have an experienced quarterback coming back to play. That coupled with experience on the offensive line lends to more optimism.” And that could rely on the mastermind behind the offense, offensive coordinator Norm Chow. He is the best OC in the conference and perhaps the entire country. Chow is better known for his victorious days at USC when Pete Carroll was at the midpoint of his career with the Trojans. Chow then took a job with the NFL’s Tennessee Titans as offensive coordinator, but quickly returned to college football. Neuheisel hired Chow at UCLA with no hesitation. Chow is a dynamic mastermind behind the formulation of plays. This is no secret, and no defensive coordinator can ever stop Chow. However, Chow’s biggest concern is the squad’s underdeveloped players. The reality of it all is that other teams have better talent. Imagine if Chow was still at USC? Hmm. On the other side of the ball, the Bruins are strong defensively. Their best asset is free safety Rahim Moore, who is perhaps the best in the nation. Moore totaled 45 tackles and 10 interceptions as a sophomore. He is now a junior and can only get better if he stays healthy. Junior linebacker Akeem Ayers is also returning for another year. The defense is a concern though, because it is basically starting from scratch. Freshman defensive end Owamagbe Odighizuwa could spark things up. “Anybody can read a play and know you’re supposed to go here or here or here, but in a game situation, the tempo is a lot faster, things are moving quicker,” Odighizuwa tells the Los Angeles Daily News. “Your mind is moving a million miles an hour, and you have to just slow it down in your head. It will all make sense and look like what you’re drawing up on the board. The more experience you get, the more similar it gets from the page to the field.” UCLA seems set defensively because of their few experienced athletes returning en route to evolving a stingy defense, but the question lies with the offense. How well they perform is yet to be determined, but their season opener on Sept. 4 at Kansas State will showcase everything one needs to know. UCLA, however, is probably on the brink of breaking out or underachieving yet again.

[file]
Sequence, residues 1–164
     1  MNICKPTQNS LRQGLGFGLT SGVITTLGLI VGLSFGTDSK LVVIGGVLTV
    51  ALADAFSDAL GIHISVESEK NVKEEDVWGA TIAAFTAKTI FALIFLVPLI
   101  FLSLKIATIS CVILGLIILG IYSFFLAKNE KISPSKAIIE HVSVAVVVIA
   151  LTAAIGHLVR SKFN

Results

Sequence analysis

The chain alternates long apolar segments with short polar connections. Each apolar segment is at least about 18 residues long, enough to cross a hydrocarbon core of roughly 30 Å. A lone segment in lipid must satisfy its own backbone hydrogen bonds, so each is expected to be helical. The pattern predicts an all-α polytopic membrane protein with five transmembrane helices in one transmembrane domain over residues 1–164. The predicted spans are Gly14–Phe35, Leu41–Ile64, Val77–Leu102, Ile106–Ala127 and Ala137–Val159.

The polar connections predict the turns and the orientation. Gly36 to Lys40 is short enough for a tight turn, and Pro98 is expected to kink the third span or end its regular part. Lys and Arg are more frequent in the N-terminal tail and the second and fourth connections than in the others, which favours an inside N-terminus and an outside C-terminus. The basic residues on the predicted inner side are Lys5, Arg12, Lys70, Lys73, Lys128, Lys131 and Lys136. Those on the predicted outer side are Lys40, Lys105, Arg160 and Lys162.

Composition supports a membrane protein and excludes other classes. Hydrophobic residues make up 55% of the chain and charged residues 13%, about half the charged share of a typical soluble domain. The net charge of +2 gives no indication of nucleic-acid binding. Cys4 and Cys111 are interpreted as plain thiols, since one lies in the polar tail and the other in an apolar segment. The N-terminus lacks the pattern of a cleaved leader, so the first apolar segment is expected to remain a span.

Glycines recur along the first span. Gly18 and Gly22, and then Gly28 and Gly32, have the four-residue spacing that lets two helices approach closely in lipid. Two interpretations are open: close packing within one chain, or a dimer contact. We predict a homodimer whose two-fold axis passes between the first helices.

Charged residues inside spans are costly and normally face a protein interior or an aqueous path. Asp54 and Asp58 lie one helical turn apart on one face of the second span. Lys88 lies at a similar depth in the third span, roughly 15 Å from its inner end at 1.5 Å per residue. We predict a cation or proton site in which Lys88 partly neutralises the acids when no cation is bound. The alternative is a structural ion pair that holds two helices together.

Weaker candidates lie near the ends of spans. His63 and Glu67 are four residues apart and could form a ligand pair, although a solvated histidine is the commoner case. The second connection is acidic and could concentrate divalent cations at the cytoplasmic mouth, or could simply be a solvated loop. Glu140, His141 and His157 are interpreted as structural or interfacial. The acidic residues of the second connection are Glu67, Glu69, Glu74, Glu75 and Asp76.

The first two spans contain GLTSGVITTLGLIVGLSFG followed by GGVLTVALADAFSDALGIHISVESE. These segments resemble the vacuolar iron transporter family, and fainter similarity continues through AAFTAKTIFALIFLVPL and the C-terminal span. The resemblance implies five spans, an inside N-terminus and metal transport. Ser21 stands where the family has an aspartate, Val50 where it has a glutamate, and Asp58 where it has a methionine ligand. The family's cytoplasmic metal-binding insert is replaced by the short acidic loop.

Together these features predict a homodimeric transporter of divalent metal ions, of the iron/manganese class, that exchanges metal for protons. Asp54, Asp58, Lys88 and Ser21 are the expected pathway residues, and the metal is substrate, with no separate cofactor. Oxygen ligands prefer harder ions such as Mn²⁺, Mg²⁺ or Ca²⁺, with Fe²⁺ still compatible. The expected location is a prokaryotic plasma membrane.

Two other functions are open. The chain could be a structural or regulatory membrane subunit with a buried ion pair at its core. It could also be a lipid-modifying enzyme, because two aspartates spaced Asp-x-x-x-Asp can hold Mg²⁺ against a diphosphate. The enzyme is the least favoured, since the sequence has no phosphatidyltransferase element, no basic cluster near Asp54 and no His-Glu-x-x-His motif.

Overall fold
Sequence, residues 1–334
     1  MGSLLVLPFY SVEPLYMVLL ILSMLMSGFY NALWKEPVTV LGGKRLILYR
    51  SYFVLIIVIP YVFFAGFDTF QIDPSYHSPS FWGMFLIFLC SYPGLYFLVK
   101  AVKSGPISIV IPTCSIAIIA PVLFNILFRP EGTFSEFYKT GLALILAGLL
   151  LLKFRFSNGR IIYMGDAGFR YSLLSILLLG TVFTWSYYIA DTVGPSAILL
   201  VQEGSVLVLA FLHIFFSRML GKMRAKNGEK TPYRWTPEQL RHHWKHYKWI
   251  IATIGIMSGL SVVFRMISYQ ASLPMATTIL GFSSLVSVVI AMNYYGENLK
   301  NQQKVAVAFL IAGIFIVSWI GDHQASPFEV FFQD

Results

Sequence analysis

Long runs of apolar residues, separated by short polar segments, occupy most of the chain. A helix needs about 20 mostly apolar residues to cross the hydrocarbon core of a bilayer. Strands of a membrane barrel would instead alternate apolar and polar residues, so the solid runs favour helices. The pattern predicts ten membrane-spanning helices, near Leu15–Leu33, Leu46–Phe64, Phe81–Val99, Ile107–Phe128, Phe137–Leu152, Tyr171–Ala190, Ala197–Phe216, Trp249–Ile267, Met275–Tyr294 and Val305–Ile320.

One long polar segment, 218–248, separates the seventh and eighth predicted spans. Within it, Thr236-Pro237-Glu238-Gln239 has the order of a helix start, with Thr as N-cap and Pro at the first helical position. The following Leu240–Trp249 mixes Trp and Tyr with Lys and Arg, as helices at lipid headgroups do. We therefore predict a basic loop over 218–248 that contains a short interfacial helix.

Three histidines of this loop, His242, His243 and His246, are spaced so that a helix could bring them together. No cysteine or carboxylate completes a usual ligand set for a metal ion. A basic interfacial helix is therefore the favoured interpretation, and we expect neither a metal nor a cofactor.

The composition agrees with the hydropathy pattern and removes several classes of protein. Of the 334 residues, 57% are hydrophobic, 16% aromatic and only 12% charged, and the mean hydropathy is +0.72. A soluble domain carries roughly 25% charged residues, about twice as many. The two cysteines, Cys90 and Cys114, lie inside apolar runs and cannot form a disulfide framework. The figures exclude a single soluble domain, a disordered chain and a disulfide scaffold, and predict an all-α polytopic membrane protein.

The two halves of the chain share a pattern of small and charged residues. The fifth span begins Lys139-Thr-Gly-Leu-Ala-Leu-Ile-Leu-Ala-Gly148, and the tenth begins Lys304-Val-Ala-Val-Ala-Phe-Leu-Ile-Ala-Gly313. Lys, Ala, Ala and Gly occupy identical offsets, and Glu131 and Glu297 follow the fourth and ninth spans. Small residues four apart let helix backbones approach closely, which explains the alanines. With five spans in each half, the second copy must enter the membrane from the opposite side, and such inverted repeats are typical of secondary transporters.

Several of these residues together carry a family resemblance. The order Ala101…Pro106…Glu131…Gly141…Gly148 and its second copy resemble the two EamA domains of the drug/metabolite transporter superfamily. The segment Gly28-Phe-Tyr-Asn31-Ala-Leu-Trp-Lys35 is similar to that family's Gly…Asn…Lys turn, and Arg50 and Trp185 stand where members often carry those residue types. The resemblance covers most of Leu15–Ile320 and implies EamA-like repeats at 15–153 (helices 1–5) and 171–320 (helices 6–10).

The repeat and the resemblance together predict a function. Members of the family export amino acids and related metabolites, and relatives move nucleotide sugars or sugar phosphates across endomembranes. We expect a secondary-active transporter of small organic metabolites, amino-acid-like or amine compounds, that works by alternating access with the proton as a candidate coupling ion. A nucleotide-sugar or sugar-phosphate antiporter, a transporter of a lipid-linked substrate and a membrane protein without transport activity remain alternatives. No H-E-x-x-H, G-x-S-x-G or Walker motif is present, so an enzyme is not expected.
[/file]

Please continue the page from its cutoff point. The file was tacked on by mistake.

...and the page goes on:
Karl Mondon/Contra Costa Times/MCT

Paul Rodriguez/Orange County Register/MCT

Campus Circle > Sports > Football

Defensive tackle Jurrell Casey hopes to sack all of USC’s competition.


Aims to Reestablish Identity by marvin g. vasquez When it comes to athletics, football is the most celebrated sport at the University of Southern California. The Trojans have a rich tradition of winning, and success is in their blood most of all. They wear extravagantly nice uniforms, and they have the best-looking helmet in the Pac-10 Conference. Nonetheless, a series of unfortunate events involving the Trojans has people questioning their traditions and success. Pete Carroll stepped down as head coach, but some individuals speculate whether it was truly time for him to move on to the NFL rankings; he is now the head coach of the Seattle Seahawks. Then USC’s athletic director, Mike Garrett, made an unorthodox and unpredictable move that stunned college football: He hired Lane Kiffin to lead the Trojan pack. Kiffin has yet to prove himself as a true leader, yet alone as a head coach. His stint with the Raiders from 2007 to 2008 was a failure. When he was at Tennessee last year, he gained confidence from many with how the program finished the season. However, that was instantly eradicated when resigning from the program en route to take the one at USC. Is this guy loyal? Is this person for real? Can he lead a team to success? All three questions will be answered in time. Regarding Kiffin, who is young and has a lot of room for improvement, three things are for sure: 1) He is hated in Tennessee. 2) Now more than ever before, he is definitely in the spotlight. 3) He has put together a great staff to create a winning program for years to come. More friction came to light when the NCAA sanctioned the program in a tremendous manner upon the findings regarding former running back standout Reggie Bush, who is now a Super Bowl champion with the New Orleans Saints. The NCAA mentioned that USC lacked institutional control. Seven sanctions were delivered to USC, but the most